R. (19b) A heart contrite and humbled, O God, you will not spurn.
Have mercy on me, O God, in your goodness;
in the greatness of your compassion wipe out my offense.
Thoroughly wash me from my guilt
and of my sin cleanse me.
R. A heart contrite and humbled, O God, you will not spurn.
For I acknowledge my offense,
and my sin is before me always:
"Against you only have I sinned,
and done what is evil in your sight."
R. A heart contrite and humbled, O God, you will not spurn.
For you are not pleased with sacrifices;
should I offer a burnt offering, you would not accept it.
My sacrifice, O God, is a contrite spirit;
a heart contrite and humbled, O God, you will not spurn.
R. A heart contrite and humbled, O God, you will not spurn.
Alleluia} see am 5:14
Seek good and not evil so that you may live,
and the Lord will be with you.
Gospel mt 9:14-15
The disciples of John approached Jesus and said,
"Why do we and the Pharisees fast much,
but your disciples do not fast?"
Jesus answered them, "Can the wedding guests mourn
as long as the bridegroom is with them?
The days will come when the bridegroom is taken away from them,
and then they will fast."
Meditation: Isaiah 58:1-9
Saint Katharine Drexel, Virgin (Optional Memorial)
This, rather, is the fasting that I wish . . . (Isaiah 58:6)
Fat-burning diets, raw food diets, low carb diets. Name the problem, and there's a specialized diet for it. Sometimes the diets offer conflicting advice, making it hard to decide which one is best. But despite their differences, they all have one goal in common: to make you a slimmer, healthier version of yourself.
The people of Israel had a goal for their "dieting" as well: they wanted God to hear and answer their prayers. But fasting is not like dieting, where we simply reduce our food intake to get the results we are looking for. Fasting is an invitation to strip off distractions and make more room for God.
It may not sound appealing at first, but fasting is one of the greatest blessings God gives to us during Lent. Our distractions are too numerous to count. When we eliminate one or more of them—snacks or TV time or gossip—we open up time and space for God. We move beyond the thing we are giving up and embrace the gift that God has for us. Perhaps it's a word of encouragement from Scripture or an insight about someone we love or a softer heart toward a difficult neighbor. Fasting can open the door to these gifts simply because we are more able to recognize them in our lives.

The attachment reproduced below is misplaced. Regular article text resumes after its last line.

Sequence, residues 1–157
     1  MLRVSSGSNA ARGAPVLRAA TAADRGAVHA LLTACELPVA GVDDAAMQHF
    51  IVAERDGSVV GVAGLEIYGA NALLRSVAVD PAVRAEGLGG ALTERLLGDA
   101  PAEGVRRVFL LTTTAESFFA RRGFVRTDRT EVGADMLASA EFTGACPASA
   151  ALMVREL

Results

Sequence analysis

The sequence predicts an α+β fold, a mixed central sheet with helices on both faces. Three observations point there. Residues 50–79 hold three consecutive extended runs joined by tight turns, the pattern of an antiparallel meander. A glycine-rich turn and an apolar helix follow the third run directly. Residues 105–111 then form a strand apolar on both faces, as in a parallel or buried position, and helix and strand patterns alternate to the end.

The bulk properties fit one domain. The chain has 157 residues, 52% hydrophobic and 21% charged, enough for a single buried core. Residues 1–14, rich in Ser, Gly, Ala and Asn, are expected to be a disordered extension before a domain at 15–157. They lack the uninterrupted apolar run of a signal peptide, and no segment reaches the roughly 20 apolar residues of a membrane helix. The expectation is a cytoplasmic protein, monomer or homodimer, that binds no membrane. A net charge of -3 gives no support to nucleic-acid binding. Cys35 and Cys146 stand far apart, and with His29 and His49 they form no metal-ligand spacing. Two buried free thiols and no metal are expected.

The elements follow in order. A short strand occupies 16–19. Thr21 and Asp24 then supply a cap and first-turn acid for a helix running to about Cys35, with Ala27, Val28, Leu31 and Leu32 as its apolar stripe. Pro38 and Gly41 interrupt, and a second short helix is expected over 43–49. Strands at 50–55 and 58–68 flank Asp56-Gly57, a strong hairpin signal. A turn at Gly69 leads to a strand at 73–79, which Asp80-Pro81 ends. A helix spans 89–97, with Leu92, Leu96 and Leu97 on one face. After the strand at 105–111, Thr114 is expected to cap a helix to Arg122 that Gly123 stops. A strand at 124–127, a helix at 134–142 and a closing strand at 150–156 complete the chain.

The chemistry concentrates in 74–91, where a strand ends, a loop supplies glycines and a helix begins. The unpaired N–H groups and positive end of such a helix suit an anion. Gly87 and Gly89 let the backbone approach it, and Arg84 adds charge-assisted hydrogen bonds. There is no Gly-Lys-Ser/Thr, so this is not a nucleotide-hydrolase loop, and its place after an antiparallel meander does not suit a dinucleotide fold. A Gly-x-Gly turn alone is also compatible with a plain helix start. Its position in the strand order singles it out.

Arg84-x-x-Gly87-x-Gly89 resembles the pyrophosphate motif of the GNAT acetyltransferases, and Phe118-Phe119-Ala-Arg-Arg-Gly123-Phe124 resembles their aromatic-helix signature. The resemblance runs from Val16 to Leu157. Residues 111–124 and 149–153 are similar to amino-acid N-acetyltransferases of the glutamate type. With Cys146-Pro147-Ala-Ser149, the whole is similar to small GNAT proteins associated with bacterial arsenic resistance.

There's another blessing to fasting, one that we don't often think about. That same time and space that we give to God is also a sacred gift that we give to ourselves. When we set aside this time and space, we are asking the Lord to be more present to us. We are asking him to give us a deeper taste of his love and a deeper sense of his comfort and healing.
So pray about what types of things might be good for you to fast from. Remember, this is a season of grace, and God is more than willing to shower his blessings on you as you seek him.
"Father, through my fasting and prayer this Lent, help me to glimpse the glory you have promised."
Psalm 51:3-6, 18-19
The prophet proclaims the Word of God: "This, rather, is the fasting that I wish: releasing those bound unjustly...Sharing your bread with the hungry, sheltering the oppressed and the homeless;
Clothing the naked when you see them, and not turning your back on your own." What good is it to fast without the point of the fast? The point is to open up: open your heart, open your wallet, open your calendar, open your desire for God, open up your daily routine, open up your mind, if you have garments to tear, tear them up now, show you are broken...and ready, for it is better to lose this life and save it by His grace, than to try to save ourselves and lose life eternal.
We pray "A heart contrite and humbled, O God, you will not spurn.
Have mercy on me, O God, in your goodness; in the greatness of your compassion wipe out my offense. Thoroughly wash me from my guilt and of my sin cleanse me." Had you a pile of ashes, would you pour them over your head and be one with what they are? They are dead leaves, one in the death to self of yesterday, and today, it is the offering to God our Lord.
Our Lord speaks: "The days will come when the bridegroom is taken away from them, and then they will fast." The Pharisees were wondering why in the world He wasn't fasting, why wasn't He like them, why wasn't He doing what they do? He is the very reason for fasting! How can you fast when He is around? It'd be like having thanksgiving, getting together, and having no reason to gather. Jesus is the reason for thanksgiving, and thanksgiving means Eucharist. Last night at our family prayer, everyone prayed, even our newly turned 3 year old. When everyone was doing praying, I noticed it was mostly prayers of petition, asking for something, and not really prayers of thanksgiving, thanking God for something. I asked everyone to give thanks for something...the kids seemed drowsy, and stumped, and quiet. What is the reason for prayer then? Lent is to teach us this. Spend more time in prayer, but not in rattling off words, or fasting with a mean heart. Fast of your mean heart. Give that up. Give up being mean. Give up cussing and cursing. Give up what God wants you to give up. This is not the time to go on a diet, abstaining from meat today should simply remind us of staying away from the flesh, that what will let us look up to Heaven. Eat fish, and be reminded that we are to be fishers, of men (mankind), gaining souls for heaven. Give up yesterday, offer it up, this death we will experience is to be offered up, and how Holy could it have been? Ask today's saint, she gave up millions and gained more souls for the Lord that way. Would I give up hundreds? Thousands? What are we giving? Lent is the time to give to what is important.
And I hope what is important is our Lord and Savior...Jesus Christ